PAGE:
2 Timothy 1:1-14
“Rekindle the Gift”
How many times have I had conversations with older Presbyterians (and other Christians too) that surrounded the deep concern and worry about the future of the church! And very often I hear them lament about the fact that younger generations don’t seem to have embraced the faith and taken their places as members and leaders of our congregations.
Those who are most despairing about our current situation are often those who remember the full pews of the late-Christendom era. They faithfully came to church every Sunday when they were young, but those following after them have not adopted that same pattern of weekly worship.
Did you notice the poetry of lament in our readings this morning? First, God’s people in Judah and Jerusalem are lamenting the empty city after many of the people have been sent into exile. And then the exiles themselves are lamenting – weeping by the rivers of Babylon as they remember their homeland and the way they used to rejoice and sing in Jerusalem.
In their words, we hear disappointment, confusion, sadness, and even anger as they grapple, not only with their circumstances, but with the questions about why this has happened and what can be done to return to their happy past.
At one time, the temple in Jerusalem was a place of pilgrimage for the multitudes three times every year, and the place was filled with people rejoicing and praising God. But now, the central place of worship is deserted and destroyed. And even those who brought their faith with them into exile are struggling to sing and pray in their new, unwelcome context.
Now, I’m not all that young. But I’m young enough that I don’t remember the full churches and bustling Sunday Schools of the 1950s and 1960s. I never experienced that Canadian culture in which most families’ Sunday mornings included going to church.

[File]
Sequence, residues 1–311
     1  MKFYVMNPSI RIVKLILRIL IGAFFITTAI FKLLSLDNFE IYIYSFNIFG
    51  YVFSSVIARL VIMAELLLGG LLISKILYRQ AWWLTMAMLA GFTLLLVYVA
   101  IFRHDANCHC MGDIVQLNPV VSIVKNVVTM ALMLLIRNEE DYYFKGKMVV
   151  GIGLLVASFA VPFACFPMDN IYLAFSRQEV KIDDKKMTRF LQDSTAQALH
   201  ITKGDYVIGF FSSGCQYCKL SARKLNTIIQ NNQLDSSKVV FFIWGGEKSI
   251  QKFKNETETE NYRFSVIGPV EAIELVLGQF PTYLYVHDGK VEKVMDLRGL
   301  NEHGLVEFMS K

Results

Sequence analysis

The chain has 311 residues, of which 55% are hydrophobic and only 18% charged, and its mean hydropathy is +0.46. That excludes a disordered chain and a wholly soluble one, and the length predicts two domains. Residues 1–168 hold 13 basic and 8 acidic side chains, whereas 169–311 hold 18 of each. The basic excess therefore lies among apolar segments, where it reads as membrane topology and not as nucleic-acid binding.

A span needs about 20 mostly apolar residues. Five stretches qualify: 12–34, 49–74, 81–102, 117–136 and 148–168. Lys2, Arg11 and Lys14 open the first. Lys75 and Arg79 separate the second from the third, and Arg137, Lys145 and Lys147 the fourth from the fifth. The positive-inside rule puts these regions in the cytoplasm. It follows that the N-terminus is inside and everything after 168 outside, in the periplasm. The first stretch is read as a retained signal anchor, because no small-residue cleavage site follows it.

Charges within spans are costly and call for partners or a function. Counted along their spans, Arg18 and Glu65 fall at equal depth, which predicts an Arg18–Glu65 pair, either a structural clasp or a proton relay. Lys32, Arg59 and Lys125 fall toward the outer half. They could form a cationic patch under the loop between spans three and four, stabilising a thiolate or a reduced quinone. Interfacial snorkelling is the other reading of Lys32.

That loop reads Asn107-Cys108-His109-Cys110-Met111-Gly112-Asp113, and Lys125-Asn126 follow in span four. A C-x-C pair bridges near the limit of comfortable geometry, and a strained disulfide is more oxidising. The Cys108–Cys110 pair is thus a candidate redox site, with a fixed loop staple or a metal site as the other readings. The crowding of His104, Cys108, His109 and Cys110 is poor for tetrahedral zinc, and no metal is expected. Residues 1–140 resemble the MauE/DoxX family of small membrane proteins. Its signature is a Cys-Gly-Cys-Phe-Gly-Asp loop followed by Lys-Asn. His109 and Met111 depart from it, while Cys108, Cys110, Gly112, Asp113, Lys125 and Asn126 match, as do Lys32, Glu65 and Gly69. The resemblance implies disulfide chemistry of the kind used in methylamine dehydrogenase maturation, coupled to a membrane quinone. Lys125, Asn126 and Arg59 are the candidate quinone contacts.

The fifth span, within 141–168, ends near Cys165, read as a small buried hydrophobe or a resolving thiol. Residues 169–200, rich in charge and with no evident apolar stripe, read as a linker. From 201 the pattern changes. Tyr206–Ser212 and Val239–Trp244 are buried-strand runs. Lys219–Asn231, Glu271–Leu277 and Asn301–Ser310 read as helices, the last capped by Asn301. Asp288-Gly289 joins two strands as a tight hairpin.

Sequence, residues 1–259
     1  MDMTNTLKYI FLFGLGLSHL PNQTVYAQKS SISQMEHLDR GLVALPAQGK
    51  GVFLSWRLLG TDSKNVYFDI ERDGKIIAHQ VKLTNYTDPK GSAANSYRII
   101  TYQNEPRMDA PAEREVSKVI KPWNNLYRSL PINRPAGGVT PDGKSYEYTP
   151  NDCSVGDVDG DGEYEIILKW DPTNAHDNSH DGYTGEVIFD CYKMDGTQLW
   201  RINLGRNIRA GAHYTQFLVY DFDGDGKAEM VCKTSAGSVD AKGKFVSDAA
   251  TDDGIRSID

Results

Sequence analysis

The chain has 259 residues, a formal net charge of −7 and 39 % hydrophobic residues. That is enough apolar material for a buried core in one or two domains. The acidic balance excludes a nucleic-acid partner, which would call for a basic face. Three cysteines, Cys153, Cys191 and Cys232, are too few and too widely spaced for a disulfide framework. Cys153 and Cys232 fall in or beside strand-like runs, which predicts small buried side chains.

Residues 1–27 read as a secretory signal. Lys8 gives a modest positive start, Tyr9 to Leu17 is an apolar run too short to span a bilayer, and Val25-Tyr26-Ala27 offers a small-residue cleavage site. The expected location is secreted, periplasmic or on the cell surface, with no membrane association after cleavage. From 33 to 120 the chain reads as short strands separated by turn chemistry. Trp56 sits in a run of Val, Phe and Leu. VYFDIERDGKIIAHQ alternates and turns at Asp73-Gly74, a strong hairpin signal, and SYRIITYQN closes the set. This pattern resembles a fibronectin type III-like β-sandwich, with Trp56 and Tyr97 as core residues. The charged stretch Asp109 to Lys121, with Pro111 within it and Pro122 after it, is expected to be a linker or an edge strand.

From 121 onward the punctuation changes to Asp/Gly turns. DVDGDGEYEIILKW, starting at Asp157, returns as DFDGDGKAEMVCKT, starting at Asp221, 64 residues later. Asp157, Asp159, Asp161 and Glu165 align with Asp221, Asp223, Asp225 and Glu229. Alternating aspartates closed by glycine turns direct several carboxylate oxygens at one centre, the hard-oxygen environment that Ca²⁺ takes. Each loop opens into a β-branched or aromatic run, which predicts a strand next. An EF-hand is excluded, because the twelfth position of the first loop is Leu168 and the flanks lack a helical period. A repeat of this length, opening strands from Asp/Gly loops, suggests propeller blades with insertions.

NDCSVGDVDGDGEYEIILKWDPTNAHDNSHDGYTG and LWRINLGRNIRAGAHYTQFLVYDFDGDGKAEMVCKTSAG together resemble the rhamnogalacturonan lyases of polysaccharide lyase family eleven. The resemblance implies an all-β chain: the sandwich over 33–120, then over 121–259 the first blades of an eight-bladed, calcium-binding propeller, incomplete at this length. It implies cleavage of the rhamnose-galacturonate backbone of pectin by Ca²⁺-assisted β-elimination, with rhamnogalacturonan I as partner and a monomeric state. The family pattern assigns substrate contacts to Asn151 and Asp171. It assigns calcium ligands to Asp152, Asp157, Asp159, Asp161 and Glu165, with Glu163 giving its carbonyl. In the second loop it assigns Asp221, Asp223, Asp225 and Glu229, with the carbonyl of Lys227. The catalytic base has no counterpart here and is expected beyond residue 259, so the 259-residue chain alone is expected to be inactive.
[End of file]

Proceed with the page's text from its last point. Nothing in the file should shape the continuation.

But I think that the context of the pandemic and the ongoing Covid reality is giving even me (and others in my generation and younger) a sense of that disillusionment and worry about the church that our parents and grandparents have been talking about our whole lives.
We look around at our diminished community, try to remind ourselves that some of you are still with us online, and struggle to stay hopeful and positive. After all, we know that wherever two or three are gathered in Jesus’ name, God is in our midst.
But beyond just remaining hopeful and reminding ourselves that Christ is present no matter the size, make-up, or location of our worshipping and serving community, we may be asking ourselves: What are we supposed to do in this time and place to fulfill the mission that God has for us?
I wonder if today’s passage from Paul’s letter to Timothy might give us some ideas. As you may know, Timothy was a young disciple of the Apostle Paul and a next-generation leader of the Christian Church. And Paul, the older, experienced, out-going leader is writing to Timothy with a message of encouragement.
I don’t know how worried or concerned Paul might have been as he wrote the letter. He probably wishes he could be present to help and guide Timothy in his ministry. He may wonder if Timothy has what it takes to continue the work that Paul began.
After all, Paul notes that Timothy has been shedding tears. Were those tears of grief over the deaths of his family members? Or were they tears of sadness because he missed Paul’s leadership and help? Or were they tears of anxiety and worry at the magnitude of the ministry he was being called to lead?
But rather than simply lamenting the present circumstances and struggles, Paul uses his letter to build up and encourage his young friend. He rejoices in Timothy’s sincere faith, noting the fact that he follows in the footsteps of other faithful people who used their gifts to serve God and share the love of Jesus with the world.
Timothy’s mentors included his mother Eunice, his grandmother Lois, and Paul himself who was not a relative, but a father to him in faith. And no matter what challenges Timothy may face, whether persecution, poverty, loneliness, or simply discouragement, Paul encourages him not to give up.
I notice that Paul doesn’t put pressure on Timothy by telling him that his critical task is to pass on the faith to the next generation. He doesn’t add to Timothy’s worries by lamenting his own absence or telling him that things were better in the good old days when Paul was in charge.